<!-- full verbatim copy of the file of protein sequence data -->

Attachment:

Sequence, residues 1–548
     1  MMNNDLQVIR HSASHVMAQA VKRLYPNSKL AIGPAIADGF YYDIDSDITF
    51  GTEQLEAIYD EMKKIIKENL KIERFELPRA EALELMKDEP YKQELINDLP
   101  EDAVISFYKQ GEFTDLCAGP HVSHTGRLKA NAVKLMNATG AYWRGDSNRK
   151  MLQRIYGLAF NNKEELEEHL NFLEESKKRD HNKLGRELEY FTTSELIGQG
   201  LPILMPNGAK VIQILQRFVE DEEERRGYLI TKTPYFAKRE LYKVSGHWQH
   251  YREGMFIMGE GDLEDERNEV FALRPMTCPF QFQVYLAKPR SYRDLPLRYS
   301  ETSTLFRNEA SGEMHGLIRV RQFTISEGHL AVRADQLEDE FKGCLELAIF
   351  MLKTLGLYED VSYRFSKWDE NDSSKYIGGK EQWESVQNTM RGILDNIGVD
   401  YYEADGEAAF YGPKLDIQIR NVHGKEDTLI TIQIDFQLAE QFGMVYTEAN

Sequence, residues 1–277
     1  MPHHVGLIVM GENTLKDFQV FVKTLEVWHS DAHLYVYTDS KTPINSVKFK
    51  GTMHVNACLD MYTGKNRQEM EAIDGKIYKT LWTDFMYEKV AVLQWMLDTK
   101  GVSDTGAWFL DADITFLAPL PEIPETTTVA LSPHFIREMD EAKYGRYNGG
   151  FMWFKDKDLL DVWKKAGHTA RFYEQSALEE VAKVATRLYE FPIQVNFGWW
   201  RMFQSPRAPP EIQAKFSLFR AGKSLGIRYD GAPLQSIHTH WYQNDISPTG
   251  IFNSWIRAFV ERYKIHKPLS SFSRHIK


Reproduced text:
Sequence, residues 1–548
     1  MMNNDLQVIR HSASHVMAQA VKRLYPNSKL AIGPAIADGF YYDIDSDITF
    51  GTEQLEAIYD EMKKIIKENL KIERFELPRA EALELMKDEP YKQELINDLP
   101  EDAVISFYKQ GEFTDLCAGP HVSHTGRLKA NAVKLMNATG AYWRGDSNRK
   151  MLQRIYGLAF NNKEELEEHL NFLEESKKRD HNKLGRELEY FTTSELIGQG
   201  LPILMPNGAK VIQILQRFVE DEEERRGYLI TKTPYFAKRE LYKVSGHWQH
   251  YREGMFIMGE GDLEDERNEV FALRPMTCPF QFQVYLAKPR SYRDLPLRYS
   301  ETSTLFRNEA SGEMHGLIRV RQFTISEGHL AVRADQLEDE FKGCLELAIF
   351  MLKTLGLYED VSYRFSKWDE NDSSKYIGGK EQWESVQNTM RGILDNIGVD
   401  YYEADGEAAF YGPKLDIQIR NVHGKEDTLI TIQIDFQLAE QFGMVYTEAN

Sequence, residues 1–277
     1  MPHHVGLIVM GENTLKDFQV FVKTLEVWHS DAHLYVYTDS KTPINSVKFK
    51  GTMHVNACLD MYTGKNRQEM EAIDGKIYKT LWTDFMYEKV AVLQWMLDTK
   101  GVSDTGAWFL DADITFLAPL PEIPETTTVA LSPHFIREMD EAKYGRYNGG
   151  FMWFKDKDLL DVWKKAGHTA RFYEQSALEE VAKVATRLYE FPIQVNFGWW
   201  RMFQSPRAPP EIQAKFSLFR AGKSLGIRYD GAPLQSIHTH WYQNDISPTG
   251  IFNSWIRAFV ERYKIHKPLS SFSRHIK